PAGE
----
Bane also neglects to consider that the government not only imposes these hidden opportunity costs by redirecting income that would have been spent in other ways, but that a good portion of the money it is spending is borrowed. The federal debt, as of August 19, is $7,926,125,407,102.74. At 4.239 percent on the 10-year bond, that’s 335,988,456,007.09 in annual interest payments or $2,799.90 for every worker in the country. Since the average worker makes $29,280.68 and the current savings rate is zero, those interest payments rob the economy of almost 10 percent of consumer spending.

As for the highway system’s role in making America a superpower, the country had already won two world wars before the Federal Aid Highway Act of 1956 was enacted. It is the combination of America’s size, wealth and technological advancement that makes the USA a superpower; any reduction of one of those three elements will reduce America’s preeminent status in the world.

Borak sings

In my country there is problem,
And that problem is transport.
It take very very long,
Because Kazakhstan is big.

There’s a video of the whole song. Borak is hilarious, as usual – so when do we make the sex? – although I think the reaction of the crowd to the cameras makes it apparent that they understand what’s going on from the start. Contrary to the common urbanite belief that their disdain for all things country goes undetected, rural people are perfectly aware of what their big city counterparts think of them and they often play up their hickitude as a passive-agressive means of mocking their mockers.

I don’t particularly enjoy being around country folk, for the most part. But divergent interests and grammar aside, I’ve never found them to be any less intelligent than city and suburban people, and they are often a good deal less asinine. I may not be inclined to listen to a farmer pontificate on the merits of crop rotation, but at least he serves a honest purpose in life, which is more than I can say for the average stockbroker or real estate agent.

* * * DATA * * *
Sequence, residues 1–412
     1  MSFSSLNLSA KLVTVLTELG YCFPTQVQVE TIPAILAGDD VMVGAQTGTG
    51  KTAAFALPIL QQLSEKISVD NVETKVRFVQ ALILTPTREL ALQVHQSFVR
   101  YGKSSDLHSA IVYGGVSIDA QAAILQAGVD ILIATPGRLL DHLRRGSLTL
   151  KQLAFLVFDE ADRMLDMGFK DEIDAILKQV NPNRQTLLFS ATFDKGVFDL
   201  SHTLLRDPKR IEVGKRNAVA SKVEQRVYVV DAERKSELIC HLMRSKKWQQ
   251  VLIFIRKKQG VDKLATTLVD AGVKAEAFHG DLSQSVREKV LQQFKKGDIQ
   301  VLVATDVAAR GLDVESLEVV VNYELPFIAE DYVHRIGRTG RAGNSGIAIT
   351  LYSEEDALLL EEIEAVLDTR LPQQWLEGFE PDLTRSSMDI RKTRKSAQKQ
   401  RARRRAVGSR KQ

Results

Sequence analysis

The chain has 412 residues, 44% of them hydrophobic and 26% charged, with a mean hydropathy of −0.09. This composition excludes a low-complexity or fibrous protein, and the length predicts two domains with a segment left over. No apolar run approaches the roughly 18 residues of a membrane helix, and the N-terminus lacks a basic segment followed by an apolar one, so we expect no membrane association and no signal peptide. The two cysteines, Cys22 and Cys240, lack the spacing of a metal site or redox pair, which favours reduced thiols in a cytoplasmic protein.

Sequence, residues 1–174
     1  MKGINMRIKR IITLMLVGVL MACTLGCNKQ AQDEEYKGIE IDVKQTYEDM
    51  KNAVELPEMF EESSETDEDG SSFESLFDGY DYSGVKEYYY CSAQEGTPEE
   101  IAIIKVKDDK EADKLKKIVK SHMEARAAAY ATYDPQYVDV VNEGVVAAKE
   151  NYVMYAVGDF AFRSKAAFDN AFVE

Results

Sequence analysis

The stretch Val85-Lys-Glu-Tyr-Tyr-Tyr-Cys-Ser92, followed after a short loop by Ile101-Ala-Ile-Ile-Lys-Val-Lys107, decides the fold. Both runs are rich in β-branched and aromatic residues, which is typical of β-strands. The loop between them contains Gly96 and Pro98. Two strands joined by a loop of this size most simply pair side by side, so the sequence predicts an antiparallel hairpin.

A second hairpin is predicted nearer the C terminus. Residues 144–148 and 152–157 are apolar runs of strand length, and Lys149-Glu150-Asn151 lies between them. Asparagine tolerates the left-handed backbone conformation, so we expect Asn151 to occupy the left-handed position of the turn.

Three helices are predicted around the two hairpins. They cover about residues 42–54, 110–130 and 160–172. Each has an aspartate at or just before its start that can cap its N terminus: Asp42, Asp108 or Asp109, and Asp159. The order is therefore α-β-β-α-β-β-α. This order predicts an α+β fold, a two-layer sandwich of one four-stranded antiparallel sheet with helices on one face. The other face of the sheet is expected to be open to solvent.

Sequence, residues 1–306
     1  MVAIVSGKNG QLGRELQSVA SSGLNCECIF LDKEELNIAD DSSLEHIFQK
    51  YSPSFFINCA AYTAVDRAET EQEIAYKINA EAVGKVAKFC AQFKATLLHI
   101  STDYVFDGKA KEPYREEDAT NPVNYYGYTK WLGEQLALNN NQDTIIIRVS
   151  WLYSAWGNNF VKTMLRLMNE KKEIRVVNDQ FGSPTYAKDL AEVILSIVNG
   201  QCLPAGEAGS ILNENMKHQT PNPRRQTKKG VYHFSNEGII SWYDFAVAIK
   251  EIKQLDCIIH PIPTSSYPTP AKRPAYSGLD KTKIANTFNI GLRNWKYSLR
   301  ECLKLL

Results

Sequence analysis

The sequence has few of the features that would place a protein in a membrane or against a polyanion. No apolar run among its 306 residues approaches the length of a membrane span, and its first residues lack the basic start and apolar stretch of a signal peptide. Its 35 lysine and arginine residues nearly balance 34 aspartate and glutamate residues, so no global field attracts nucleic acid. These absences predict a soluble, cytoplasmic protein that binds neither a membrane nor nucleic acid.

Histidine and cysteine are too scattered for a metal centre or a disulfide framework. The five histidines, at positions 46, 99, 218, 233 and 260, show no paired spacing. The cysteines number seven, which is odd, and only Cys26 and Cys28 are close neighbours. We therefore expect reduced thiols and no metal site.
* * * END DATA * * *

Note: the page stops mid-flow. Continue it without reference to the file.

Attempting to derive an idea of massive anti-semitism lurking beneath the surface of the heartland from this is, I think, a significant reach on par with those alarmist predictions of Kristalnacht II being brought about by the release of The Passion. The East Coast media that constantly wrings its hands about this sort of thing always forgets that most people in the Midwest and Southwest have not only never met a Jew, but they think no more about Jews than they do about Eskimos or Vanuatuans.

It is particularly bizarre that American Jewish leaders will get upset about movies and Merry Christmas greetings and then publicly cheer a mass Jewish expulsion and the destruction of Jewish-owned property. As I mentioned in my column today, I rather doubt a similar action in New York City would meet with similar approbation.

Mailvox: a rabbi writes from the well

Rabbi F writes from Israel:

Amen, Vox, right on, anytime you’re in the area come up and see us. Now write on the plight of the refugees, who are being treated with incredible cruelty in order to destroy their faith and communal support and cut their birthrate along with the rest of the God-fearing Israelis. The ruling clique is afraid that we will outnumber them in a few years and take over..

Democracy can sure be a bitch when those nasty demographics start to come into play. This is one element of the anti-settler action that I had not really considered before, but it makes sense that the secular Jews, who are as reproductively challenged as secular Americans, would have reason to be very worried about the birthrate of religious Jews as well as Israeli Arabs.

In any event, it makes it clear that to see this as merely Jew-on-Jew is not correct, that there are serious divisions in the Jewish world just as there are in Blue-Grey or Red-Blue America.